On April 29, Commodity Futures Trading Commission Chairman Chris Giancarlo sent a letter to Randy Quarles, the Vice Chair for Supervision of the Board of Governors of the Federal Reserve System, in which he proposed that the US regulators responsible for the administering the margin rules for uncleared swaps should collaborate in providing some relief to non-dealer swap market participants who may become subject to initial margin requirements in 2020. The specific relief would be the issuance of the same guidance issued by the Basel Committee on Banking Supervision (BCBS) and the International Organization of Securities Commissions (IOSCO) in March (for more information, see the March 8, 2019 edition of Corporate & Financial Weekly Digest), which stated that in-scope parties do not have to put in place compliant documentation and custodial relationships if there is no expectation that the exposure associated with their swaps will actually exceed the regulatory threshold for posting initial margin ($50 million for the United States).
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On March 4, the Consumer Financial Protection Bureau (CFPB) released an Advanced Notice of Proposed Rulemaking (ANPR) to seek information from the public about certain issues related to Property Assessed Clean Energy (PACE) financing. In particular, the CFPB issued the ANPR to obtain more information (1) about the relationship between an assessment of a consumer’s “ability to repay” and the terms of a PACE financing agreement, and (2) related to the extension of Truth In Lending Act (TILA) general civil liability to PACE transactions.

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The Board of Governors of the Federal Reserve System, the Federal Deposit Insurance Corporation and the Office of the Comptroller of the Currency (the agencies) are inviting public comment on a proposal that would implement a new approach for calculating the exposure amount of derivative contracts under the agencies’ regulatory capital rule.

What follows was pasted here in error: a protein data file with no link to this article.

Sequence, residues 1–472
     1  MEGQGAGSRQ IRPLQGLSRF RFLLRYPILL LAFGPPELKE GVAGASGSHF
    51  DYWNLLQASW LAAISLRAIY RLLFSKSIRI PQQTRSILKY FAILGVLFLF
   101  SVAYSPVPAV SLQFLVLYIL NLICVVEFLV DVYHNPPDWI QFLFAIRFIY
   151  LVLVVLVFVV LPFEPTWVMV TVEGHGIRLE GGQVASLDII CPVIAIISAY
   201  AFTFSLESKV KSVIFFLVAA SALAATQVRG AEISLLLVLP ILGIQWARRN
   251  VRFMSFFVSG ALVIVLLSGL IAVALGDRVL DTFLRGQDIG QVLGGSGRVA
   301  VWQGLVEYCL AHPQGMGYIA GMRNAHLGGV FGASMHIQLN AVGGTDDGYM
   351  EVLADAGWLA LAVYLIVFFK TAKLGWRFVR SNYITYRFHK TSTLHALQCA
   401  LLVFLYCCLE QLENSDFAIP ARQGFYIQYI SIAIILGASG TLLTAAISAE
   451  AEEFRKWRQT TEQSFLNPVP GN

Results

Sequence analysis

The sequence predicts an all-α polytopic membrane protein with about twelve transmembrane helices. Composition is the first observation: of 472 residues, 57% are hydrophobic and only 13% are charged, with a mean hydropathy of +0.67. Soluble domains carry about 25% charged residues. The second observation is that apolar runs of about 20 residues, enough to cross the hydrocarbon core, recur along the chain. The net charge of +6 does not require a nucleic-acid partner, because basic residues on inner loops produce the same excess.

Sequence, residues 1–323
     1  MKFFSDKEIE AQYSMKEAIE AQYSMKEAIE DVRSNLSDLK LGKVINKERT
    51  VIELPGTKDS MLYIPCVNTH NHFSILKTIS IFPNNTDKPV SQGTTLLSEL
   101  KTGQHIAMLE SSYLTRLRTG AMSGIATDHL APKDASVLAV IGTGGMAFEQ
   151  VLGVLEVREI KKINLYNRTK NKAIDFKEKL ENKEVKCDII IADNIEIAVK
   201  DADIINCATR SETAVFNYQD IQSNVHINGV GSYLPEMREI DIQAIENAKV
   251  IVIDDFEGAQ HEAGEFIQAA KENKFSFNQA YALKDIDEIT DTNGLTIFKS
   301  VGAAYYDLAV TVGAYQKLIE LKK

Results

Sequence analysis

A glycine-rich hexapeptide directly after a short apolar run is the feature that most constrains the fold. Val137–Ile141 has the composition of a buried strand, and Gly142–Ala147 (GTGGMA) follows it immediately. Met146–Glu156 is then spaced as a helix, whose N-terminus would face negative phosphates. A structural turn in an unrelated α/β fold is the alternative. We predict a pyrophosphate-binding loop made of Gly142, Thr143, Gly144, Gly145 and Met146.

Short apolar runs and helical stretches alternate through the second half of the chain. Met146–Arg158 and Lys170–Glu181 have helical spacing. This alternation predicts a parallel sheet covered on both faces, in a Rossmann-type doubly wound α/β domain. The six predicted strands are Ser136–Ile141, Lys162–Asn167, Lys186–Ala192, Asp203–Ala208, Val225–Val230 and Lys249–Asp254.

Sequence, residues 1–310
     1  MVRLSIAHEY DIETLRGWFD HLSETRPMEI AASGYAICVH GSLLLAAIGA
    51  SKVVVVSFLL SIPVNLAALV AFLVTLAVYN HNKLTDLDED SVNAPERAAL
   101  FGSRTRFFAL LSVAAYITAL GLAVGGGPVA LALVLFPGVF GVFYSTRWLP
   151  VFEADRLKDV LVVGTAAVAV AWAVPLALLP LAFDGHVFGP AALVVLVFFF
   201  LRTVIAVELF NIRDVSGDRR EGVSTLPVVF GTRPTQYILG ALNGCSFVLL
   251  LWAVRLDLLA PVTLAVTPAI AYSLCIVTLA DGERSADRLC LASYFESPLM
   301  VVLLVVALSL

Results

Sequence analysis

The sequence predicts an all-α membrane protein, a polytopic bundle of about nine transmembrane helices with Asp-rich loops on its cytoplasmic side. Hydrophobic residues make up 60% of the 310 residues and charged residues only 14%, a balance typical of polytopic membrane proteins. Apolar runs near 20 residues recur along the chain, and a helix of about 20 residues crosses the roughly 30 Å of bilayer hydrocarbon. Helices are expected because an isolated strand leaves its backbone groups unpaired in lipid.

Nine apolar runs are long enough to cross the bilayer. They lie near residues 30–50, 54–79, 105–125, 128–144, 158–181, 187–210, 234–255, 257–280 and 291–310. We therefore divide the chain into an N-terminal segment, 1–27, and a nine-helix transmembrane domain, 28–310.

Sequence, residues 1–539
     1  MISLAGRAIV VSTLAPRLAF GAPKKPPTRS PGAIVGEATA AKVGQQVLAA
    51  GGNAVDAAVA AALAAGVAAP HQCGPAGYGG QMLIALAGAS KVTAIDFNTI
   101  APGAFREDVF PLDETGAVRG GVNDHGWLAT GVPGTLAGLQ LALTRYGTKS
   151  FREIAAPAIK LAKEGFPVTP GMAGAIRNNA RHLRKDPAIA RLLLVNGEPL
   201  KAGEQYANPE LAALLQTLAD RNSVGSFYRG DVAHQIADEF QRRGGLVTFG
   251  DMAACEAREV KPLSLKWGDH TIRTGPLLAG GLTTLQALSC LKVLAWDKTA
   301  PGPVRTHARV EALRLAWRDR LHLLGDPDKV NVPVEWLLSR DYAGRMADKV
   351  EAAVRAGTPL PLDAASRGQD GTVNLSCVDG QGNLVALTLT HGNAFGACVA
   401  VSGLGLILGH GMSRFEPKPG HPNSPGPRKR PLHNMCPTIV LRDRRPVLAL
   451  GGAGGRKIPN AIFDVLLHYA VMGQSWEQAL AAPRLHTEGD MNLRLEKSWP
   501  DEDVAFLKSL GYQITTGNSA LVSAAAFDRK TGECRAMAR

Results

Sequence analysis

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The Alternate Reference Rates Committee, operating under the auspices of the Federal Reserve, has published two consultations concerning the replacement of the London Inter-bank Offered Rate (LIBOR) in financial contracts. One consultation deals with floating rate notes and the other deals with syndicated business loans. The consultations contain draft fallback provisions for contracts referencing LIBOR that are intended to minimize disruption when the calculation of LIBOR, in its current form, is discontinued or the rate is no longer usable as a practical matter.
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On October 3, the Board of Governors of the Federal Reserve System, the Federal Deposit Insurance Corporation, the Financial Crimes Enforcement Network, the National Credit Union Administration and the Office of the Comptroller of the Currency released a joint statement related to the permissible sharing of Bank Secrecy Act (BSA) resources.

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On July 17, the Federal Register published proposed changes to the Volcker Rule that were jointly approved by the Federal Reserve Board, the Commodity Futures Trading Commission, the Federal Deposit Insurance Corporation, the Office of the Comptroller of the Currency and the Securities and Exchange Commission. As described in greater detail in the June 1,

On June 19, the Federal Reserve adopted a final rule that sets overall single counterparty credit limits for global systemically important banking entities (GSIBs) and US bank holding companies with at least $250 billion in total consolidated assets.

The new rule implements section 165(e) of the Dodd-Frank Wall Street Reform and Consumer Protection Act, which requires the Federal Reserve to impose limits on the amount of credit exposure that such a bank holding company or foreign banking organization can have to an unaffiliated company in order to reduce the risks arising from the company’s failure.
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On May 24, Public Law No. 115-74 was signed by President Trump. The law, also known as the Economic Growth, Regulatory Relief and Consumer Protection Act, has six parts:

  • Title I—Improving Consumer Access to Mortgage Credit
  • Title II—Regulatory Relief and Protecting Consumer Access to Credit
  • Tile III—Protections for Veterans, Consumers and Homeowners
  • Title IV—Tailoring Regulations for Certain Bank Holding Companies
  • Title V—Encouraging Capital Formation
  • Title VI—Protections for Student Borrowers


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On May 30, the five Federal regulators responsible for the Volcker Rule approved the publication for comment of numerous proposed changes to the rule. The notice of proposed rulemaking, entitled Proposed Revisions to Prohibitions and Restrictions on Proprietary Trading and Certain Interests in, and Relationships With, Hedge Funds and Private Equity Funds, was jointly developed by the Federal Reserve Board, the Commodity Futures Trading Commission, the Federal Deposit Insurance Corporation, the Office of the Comptroller of the Currency, and the Securities and Exchange Commission. The proposed changes are intended to streamline the rule by eliminating or modifying requirements that are not necessary to effectively implement the statute, without diminishing the safety and soundness of banking entities.
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